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The [Wednesday] Papers

I don't know that I have anything new to add to the resignation of Illinois congressman Aaron Schock, but I thought this tease from Politico's Playbook summed up the affair nicely:

"[Schock] billed the federal government and his campaign for logging roughly 170,000 miles on his personal car from January 2010 through July 2014. But when he sold that Chevrolet Tahoe in July 2014, it had roughly 80,000 miles on the odometer . . . [D]ocuments . . . indicate he was reimbursed for 90,000 miles more than his car was driven . . . When Schock transferred the SUV to an Illinois dealership in 2014, it had 81,860 miles . . .

"However, from January 2010 to the end of July 2014, he billed the federal government for 123,131 miles on his personal vehicle. During the same period, the Republican billed his 'Schock for Congress' campaign account and GOP Generation Y Fund, his leadership political action committee, for an additional 49,388 miles. Altogether, Schock sought reimbursement for 172,520 miles on his car, despite the fact that he signed documents that certified the vehicle traveled less than half that distance."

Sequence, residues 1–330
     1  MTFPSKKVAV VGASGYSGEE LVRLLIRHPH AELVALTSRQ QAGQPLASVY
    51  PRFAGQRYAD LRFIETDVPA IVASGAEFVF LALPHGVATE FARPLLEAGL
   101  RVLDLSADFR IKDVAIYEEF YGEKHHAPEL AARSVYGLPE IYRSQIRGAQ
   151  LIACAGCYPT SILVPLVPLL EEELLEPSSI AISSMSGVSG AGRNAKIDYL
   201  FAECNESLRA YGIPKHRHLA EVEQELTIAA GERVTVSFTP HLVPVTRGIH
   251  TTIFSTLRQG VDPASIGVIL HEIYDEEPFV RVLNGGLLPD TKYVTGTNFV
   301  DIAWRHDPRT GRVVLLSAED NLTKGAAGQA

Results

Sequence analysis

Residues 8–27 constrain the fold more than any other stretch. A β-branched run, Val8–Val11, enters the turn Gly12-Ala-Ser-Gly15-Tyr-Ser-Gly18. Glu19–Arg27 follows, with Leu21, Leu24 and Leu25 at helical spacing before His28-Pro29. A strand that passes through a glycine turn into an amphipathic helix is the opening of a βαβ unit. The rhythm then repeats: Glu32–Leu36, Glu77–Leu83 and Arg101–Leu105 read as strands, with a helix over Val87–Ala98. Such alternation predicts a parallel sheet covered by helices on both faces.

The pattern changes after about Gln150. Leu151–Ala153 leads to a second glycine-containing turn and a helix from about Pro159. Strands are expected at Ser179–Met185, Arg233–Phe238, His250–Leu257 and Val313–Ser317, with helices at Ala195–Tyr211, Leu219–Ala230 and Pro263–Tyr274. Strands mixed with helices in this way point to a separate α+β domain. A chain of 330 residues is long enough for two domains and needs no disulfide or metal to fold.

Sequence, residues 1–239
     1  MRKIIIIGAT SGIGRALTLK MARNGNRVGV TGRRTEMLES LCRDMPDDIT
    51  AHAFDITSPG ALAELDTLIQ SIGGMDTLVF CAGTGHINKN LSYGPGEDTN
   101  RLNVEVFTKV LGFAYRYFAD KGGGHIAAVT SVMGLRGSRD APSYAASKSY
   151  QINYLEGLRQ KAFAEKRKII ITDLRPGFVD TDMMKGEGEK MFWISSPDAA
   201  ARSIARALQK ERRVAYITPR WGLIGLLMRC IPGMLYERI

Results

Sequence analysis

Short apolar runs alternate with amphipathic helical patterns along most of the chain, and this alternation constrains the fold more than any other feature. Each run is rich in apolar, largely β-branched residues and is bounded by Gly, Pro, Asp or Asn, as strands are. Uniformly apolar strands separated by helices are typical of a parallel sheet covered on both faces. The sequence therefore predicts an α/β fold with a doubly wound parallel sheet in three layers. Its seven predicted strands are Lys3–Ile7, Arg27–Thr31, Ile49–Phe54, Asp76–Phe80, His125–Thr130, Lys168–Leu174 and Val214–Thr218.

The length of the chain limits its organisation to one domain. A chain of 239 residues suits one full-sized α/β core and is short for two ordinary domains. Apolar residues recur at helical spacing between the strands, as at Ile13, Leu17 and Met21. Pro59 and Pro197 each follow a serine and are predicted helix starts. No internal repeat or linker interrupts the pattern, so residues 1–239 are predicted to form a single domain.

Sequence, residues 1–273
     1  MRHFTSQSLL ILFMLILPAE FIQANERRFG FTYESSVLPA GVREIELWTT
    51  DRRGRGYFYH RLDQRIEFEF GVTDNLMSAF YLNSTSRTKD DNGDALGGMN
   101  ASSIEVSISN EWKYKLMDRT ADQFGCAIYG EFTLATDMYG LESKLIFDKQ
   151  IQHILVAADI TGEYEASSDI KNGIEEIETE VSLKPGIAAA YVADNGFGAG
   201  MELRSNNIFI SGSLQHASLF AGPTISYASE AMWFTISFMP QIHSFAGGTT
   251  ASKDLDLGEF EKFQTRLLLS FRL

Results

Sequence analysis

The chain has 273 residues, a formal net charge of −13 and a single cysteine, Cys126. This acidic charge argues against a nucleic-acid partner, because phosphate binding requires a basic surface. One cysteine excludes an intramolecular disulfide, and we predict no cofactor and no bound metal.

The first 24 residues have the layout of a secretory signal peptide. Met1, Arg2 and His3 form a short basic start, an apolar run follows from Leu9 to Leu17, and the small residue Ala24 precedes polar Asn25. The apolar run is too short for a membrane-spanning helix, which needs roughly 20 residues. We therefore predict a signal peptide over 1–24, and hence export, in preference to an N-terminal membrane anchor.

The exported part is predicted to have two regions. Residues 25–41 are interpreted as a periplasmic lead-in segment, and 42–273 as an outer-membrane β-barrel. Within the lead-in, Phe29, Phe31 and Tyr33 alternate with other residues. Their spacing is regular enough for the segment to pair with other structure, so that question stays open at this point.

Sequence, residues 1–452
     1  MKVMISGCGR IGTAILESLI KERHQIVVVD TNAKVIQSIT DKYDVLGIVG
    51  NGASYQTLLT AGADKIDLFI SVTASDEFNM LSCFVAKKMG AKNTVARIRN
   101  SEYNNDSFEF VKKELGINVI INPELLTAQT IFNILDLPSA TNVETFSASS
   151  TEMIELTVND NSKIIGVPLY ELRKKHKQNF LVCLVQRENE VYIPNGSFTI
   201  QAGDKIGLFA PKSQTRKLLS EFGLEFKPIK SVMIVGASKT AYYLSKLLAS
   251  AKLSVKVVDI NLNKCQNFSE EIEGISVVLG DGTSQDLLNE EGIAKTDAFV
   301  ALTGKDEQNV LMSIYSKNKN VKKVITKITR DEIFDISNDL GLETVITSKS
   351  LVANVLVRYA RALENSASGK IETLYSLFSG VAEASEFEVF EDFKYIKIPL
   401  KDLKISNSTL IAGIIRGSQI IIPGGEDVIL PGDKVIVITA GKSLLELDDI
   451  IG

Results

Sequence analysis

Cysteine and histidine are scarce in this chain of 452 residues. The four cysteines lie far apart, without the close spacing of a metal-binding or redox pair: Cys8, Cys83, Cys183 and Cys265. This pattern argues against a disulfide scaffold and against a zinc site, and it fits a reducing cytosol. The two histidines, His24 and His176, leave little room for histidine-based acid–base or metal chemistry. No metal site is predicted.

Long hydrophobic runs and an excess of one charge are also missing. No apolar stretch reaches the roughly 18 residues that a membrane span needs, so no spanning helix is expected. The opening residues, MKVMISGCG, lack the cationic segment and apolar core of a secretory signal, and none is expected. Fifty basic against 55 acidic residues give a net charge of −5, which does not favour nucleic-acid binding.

The full Politico article is here.


"Schock's final hours: His decision to quit was so abrupt that even Speaker John Boehner didn't get a heads up . . . On Monday evening, POLITICO began asking questions about tens of thousands of dollars of reimbursements he received from his campaign and federal government for mileage put on his personal car . . . Asked for his response to those findings, Schock announced his resignation."

That article is here.


I sent this e-mail to a friend (and political expert) last week - and I'm not pretending I'm the only one to make the point:

Is Aaron Schock going to prison?

I mean, he bilked taxpayers.

Jesse Jr. bilked campaign contributors.